syl: Well, yes, I like him cause you can sing Appalachian Spring in the shower. You can't sing John Cage in the shower :-).

But my point is that I can see a kind of split between liberal-arts MA-holding city dwellers and the rest of the country that goes beyond simple politics. It is something greater than just that.

David Thomson said...

“The Democrats ARE trying to get votes in Red states. Really. They're putting a lot of effort in local races. State legislatures, governors, in Red states as well as blue.”

I am not talking about local races. It is the contests revolving around national issues when the crap hits the proverbial fan. Those Democrats candidates are likely to be left of center. This is why Republican Senator Conrad Burns is probably now safe in Montana. A Daily Kos styled leftist won the Democratic primary.

David Thomson said...

“You can't sing John Cage in the shower :-).”

Speak for yourself. Are you aware of John Cage’s “4'33”? Placido Domingo cannot begin to compete with me. I can definitely remain silent in the shower for four minutes and thirty three seconds.

Skookumchuk said...

David:

Are you aware of John Cage’s “4'33”?

Yes I am. Was little joke, no?

Hey, my shower stall is a regular La Scala.

terrye said...

skook:

It does go beyond politics. In fact once upon a time it was the urbane Dewey from NY running against the hayseed Truman from Mo.

One thing I will say for FDR, he brought about REMC. In fact he made a point of saying he thought it was time that rural people began to live in a way that was somewhat compatable with their urban neighbors. And people can say what they want but the truth is without rural electrification programs there would probably still be places in America without power.

Now the Republicans in NY and the Democrats in California are supposedly joining forces to create legislation to nullify the electoral college. The idea is that six states with enough electoral college votes to decide an election all throw their electoral votes [no matter who won their state] behind the candidate with the most popular votes. That would make the votes of rural Americans meaningless. So much for that United STATES thing.

Fresh Air said...

Terrye--

I've heard of that idea. It is unquestionably unconstitutional. Sorry to all the Upper East Siders.

Skookumchuk said...

terrye:

It does go beyond politics.

Yes, very much so.

OK, a story.

I was watching the Mariner's game last night (which we actually won) and on comes a Volkswagen commercial. Maybe you'll know the one I'm talking about. A fashionable young couple are driving a white Jetta. They are stopped behind a car, which is stopped at a red light. Stopped behind them is a pickup truck loaded with construction gear and a rack for ladders on the top, and behind that is a black SUV, obviously made to look like a Cadillac Escalade.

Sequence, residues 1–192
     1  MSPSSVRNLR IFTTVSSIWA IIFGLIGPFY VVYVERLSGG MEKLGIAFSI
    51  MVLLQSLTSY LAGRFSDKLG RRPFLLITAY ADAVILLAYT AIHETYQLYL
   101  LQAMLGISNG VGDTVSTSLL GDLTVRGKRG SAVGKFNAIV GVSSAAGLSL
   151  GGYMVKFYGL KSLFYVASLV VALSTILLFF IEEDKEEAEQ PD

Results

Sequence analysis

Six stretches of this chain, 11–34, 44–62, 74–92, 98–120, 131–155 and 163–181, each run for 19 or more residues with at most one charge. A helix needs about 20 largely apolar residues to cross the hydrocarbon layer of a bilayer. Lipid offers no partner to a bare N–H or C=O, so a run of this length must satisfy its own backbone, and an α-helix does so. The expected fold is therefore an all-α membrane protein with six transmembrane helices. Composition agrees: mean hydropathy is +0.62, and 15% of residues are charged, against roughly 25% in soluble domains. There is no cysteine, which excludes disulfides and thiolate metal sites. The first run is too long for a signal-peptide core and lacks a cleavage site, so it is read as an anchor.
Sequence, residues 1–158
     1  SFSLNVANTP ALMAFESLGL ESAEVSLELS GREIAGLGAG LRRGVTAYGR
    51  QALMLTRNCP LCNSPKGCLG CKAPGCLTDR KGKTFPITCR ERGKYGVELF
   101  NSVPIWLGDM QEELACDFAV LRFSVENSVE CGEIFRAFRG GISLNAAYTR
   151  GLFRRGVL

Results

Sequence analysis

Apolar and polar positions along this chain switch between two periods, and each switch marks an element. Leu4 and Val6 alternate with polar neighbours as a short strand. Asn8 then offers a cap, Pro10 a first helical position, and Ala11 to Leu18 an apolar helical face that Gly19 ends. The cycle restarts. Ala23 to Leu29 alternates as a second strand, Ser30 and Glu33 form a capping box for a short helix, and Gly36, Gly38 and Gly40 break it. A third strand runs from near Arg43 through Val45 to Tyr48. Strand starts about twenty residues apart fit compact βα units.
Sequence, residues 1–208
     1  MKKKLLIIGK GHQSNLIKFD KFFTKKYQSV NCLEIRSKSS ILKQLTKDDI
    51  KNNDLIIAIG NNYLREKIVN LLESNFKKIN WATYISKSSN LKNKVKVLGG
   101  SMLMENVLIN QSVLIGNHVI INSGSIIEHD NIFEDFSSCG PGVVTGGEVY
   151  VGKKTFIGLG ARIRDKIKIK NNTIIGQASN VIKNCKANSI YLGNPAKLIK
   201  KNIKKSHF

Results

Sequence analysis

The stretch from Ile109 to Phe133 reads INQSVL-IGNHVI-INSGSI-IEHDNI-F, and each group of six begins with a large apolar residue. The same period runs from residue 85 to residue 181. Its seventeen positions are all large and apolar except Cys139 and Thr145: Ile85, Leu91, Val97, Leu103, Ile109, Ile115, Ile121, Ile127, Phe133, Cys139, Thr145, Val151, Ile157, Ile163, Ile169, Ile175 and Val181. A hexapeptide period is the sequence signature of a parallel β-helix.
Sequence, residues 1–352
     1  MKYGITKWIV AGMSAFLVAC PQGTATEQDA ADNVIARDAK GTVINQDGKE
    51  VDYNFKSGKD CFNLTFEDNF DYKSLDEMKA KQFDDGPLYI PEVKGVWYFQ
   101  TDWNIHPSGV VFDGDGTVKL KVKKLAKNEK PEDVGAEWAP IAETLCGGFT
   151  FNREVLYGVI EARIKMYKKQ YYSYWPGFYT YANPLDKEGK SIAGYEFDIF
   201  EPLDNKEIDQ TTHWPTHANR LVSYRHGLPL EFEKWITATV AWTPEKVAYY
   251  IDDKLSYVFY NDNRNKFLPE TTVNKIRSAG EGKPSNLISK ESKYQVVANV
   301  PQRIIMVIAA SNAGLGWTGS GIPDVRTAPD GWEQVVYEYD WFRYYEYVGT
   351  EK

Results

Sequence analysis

The light turns green. The girl in the Jetta goads the boyfriend or husband, who is driving, to honk his horn at the car in front, which didn't move right when the light changed. After one honk, two things happen. The car ahead moves and this greasy biker type with a plaid shirt and a beard comes out of the pickup with a hostile stare. They couple in the Jetta get nervous and the girl kind of cowers and shrinks in to her seat. But then the camera pans back and we see that the blue-collar scumbag (since all blue collar guys are by definition scumbags when they aren't sex objects) has identified the wrong car as having honked. He promptly walks back to the Escalade and beats on the window with his palm, shouting "open the door". And the fashionable young urban couple look in the rearview mirror, smile in relief and drive away. Close up of Jetta logo and cut.

The ad is correct in the limited sense that whenever somebody honks at me, it is an overbearing yuppy or a boomer in a fashionable car, and not some carpenter going to his next framing job.

With my apologies to any person on this blog who owns one, but I'm going to repeat a very old joke. What's the difference between a BMW and a porcupine? On the BMW, all the pr*cks are on the inside.

But in many examples, every day, I see this slyness and condescending scorn. It is very difficult to bear. In order to pull off something like rural electrification, whatever the political motivation may have been, you need to have some sort of empathy with those you are helping. Perhaps an empathy born of not being that far removed from the rural life yourself. Today that bond is broken.